Gene mutations in the KEAP1 gene could help treat mutations in the KRAS gene that causes certain lung cancer types to be undruggable.
KEAP1 mutations occur with KRAS mutations in approximately 17% of lung cancer cases, according to the researchers. The researchers found that cancer cells that had KEAP1 genes want glutamine, which is used for protein synthesis and energy use. If the cells are deprived of glutamine, a treatment for KRAS and KEAP1 mutations may arise.
The researchers found that small-molecule-based inhibitors of glutaminase could slow cancer cell growth and resulted in smaller tumors in lung adenocarcinoma cell lines and tumors in mice who had KEAP1 mutations.
A study revealed a way to figure out which lung cancer patients would respond better to drugs that block glutaminase.
“All cell lines that we have currently tested that are KEAP1-mutant – independent of their KRAS status – appear to be exquisitely sensitive to glutaminase inhibitors,” Rodrigo Romero, first author on the paper, said in a press release.
Lung cancer is the leading cause of cancer death among men and women in the U.S. with about 155,870 deaths expected to happen in 2017. There is expected to be approximately 222,500 new lung cancer cases this year, according to the American Cancer Society.
Lung adenocarcinoma makes up about 40% of lung cancer cases. About 15% to 30% of those cases have a KRAS mutation. KRAS has been known to be hard to prevent, according to the researchers, because ways of blocking the KRAS protein interactions have been unsuccessful.
KRAS mutations usually have another mutation, which often includes KEAP1, the third most frequently mutated gene in lung adenocarcinoma. The researchers wanted to determine how the mutations affected lung cancer progression, so they created KEAP1 mutations in mice using a CRISPR/Cas9 gene editing system to target the gene.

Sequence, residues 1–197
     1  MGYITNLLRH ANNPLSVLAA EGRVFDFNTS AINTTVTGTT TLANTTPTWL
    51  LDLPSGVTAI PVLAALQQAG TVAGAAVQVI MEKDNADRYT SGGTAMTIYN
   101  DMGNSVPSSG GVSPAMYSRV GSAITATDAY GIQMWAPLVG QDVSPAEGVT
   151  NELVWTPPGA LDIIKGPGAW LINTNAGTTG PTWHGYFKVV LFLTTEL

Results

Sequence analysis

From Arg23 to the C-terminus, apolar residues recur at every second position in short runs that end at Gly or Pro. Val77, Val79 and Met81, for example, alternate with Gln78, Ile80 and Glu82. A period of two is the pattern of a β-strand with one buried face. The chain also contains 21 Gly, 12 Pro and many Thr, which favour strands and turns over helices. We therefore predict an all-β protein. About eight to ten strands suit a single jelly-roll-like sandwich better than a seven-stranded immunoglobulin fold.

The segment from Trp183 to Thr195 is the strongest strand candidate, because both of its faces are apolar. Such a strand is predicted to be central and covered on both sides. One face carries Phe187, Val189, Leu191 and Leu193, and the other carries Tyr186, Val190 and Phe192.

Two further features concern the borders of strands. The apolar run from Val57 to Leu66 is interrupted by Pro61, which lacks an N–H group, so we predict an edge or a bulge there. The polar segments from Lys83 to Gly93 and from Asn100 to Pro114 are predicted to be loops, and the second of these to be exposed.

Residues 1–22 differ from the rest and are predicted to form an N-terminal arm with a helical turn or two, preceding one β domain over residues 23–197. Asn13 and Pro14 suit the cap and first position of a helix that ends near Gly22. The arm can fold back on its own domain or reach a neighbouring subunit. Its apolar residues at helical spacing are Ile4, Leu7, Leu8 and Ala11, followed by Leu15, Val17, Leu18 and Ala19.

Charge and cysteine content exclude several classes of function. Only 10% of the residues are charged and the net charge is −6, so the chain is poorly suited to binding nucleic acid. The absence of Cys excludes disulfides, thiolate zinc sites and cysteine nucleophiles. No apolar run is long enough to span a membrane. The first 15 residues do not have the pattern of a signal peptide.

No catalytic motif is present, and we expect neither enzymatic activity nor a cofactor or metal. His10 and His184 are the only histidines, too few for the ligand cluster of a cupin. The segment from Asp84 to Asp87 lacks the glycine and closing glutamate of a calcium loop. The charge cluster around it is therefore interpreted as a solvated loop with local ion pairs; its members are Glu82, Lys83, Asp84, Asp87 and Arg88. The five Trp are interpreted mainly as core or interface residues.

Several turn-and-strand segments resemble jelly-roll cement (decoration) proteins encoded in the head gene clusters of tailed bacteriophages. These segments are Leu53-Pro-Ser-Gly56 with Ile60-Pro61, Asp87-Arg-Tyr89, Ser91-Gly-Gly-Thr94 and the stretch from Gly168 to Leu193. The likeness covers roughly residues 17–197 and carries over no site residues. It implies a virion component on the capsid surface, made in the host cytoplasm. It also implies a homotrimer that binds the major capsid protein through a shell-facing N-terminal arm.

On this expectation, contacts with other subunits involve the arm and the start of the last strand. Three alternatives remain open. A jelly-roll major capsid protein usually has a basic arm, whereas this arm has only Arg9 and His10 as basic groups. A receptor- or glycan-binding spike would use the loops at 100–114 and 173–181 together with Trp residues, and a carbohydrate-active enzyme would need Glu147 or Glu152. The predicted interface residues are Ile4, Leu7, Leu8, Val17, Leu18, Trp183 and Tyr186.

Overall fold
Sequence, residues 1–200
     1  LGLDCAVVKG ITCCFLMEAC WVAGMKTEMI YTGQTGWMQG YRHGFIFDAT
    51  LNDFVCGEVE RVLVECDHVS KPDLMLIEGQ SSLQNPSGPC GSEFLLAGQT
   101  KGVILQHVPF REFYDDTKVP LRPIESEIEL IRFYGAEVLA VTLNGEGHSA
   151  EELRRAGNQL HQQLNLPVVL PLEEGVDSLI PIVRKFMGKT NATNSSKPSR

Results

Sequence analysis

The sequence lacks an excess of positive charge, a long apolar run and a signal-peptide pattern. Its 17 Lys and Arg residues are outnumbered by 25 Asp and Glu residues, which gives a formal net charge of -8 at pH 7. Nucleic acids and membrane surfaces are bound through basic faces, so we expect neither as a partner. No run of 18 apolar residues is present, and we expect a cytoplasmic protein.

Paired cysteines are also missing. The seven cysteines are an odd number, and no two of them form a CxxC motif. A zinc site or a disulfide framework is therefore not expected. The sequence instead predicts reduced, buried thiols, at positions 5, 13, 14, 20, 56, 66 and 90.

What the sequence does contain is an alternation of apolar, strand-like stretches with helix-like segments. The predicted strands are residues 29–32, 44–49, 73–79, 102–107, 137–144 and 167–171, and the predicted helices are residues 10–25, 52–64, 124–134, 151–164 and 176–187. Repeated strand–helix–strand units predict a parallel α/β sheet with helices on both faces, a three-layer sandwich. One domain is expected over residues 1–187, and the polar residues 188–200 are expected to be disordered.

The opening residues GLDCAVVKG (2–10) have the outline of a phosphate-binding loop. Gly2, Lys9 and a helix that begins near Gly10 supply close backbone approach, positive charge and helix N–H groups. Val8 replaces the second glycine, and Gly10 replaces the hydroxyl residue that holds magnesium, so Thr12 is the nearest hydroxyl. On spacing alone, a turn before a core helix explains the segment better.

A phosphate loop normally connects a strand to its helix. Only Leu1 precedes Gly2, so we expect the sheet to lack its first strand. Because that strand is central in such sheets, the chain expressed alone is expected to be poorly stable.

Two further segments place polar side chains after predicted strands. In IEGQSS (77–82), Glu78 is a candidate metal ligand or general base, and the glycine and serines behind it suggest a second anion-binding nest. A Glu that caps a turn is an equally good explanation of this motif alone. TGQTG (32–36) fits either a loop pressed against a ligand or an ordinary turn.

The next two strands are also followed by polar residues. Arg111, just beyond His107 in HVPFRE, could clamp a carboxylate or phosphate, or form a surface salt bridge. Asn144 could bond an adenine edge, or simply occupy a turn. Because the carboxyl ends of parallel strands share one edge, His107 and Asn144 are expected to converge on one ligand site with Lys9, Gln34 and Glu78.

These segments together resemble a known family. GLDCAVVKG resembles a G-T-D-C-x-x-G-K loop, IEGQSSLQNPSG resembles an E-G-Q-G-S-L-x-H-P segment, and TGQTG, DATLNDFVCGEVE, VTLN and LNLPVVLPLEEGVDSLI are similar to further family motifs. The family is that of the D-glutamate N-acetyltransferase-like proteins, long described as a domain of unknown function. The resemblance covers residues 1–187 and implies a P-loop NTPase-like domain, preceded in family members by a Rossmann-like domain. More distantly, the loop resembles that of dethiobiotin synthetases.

CRISPR/Cas9 screenings showed that lung cancer cells that had KRAS and KEAP1 loss-of-function mutations needed increased amounts of glutamine more than other cells. Researchers tested two glutaminase inhibitors against the cancer cells to see if starving the mutations of glutamine could be a therapeutic vulnerability.
The researchers tested it against a cancer cell compound known as CB-839 that has been in phase I clinical trials for KRAS-mutant lung cancer. The test showed that CB-839 slowed the growth and the tumors were kept at a smaller size than normal in lung adenocarcinoma with KEAP1 mutation.
“There are also many clinical trials testing the efficacy of glutaminase inhibition in a variety of cancer types, independent of KRAS status. However, the results from these studies are still unclear,” Romero said.
KEAP1 protein usually stamps out NRF2, which controls the activation of an antioxidant response that helps remove toxins, reactive oxygen species from cells. The researchers disabled KEAP1 with loss-of-function mutations and saw that NRF2 proteins could come together and form a hyperactivation of the antioxidant response.
According to Romero, lung adenocarcinomas with the EAP1 mutation could use the hyperactivation to promote cellular growth or detoxify intracellular damaging agents.
Genes targeted by NRF2 had a greater expression in advanced stage IV tumors and patients who had up-regulated NRF2 tumors had worse survival rates.
The researchers plan to continue to study several mutations beyond KEAP1 that may work with KRAS in mice models.
“The complexity of human cancer can be quite daunting,” Tyler Jacks, director of MIT’s Koch Institute for Integrative Cancer Research and co-senior author of the study, said. ““The genetic tools that we have assembled allow us to create models of many individual subtypes of the disease and in this way begin to define the exploitable vulnerabilities of each. The observed sensitivity of KEAP1 mutant tumors to glutaminase inhibitors is an important example of this approach. There will be more.”
The research was published in the journal Nature Medicine and was funded by the Laura and Isaac Perlmutter Cancer Support Grant, the National Institutes of Health and the Koch Institute Support Grant from the National Cancer Institute.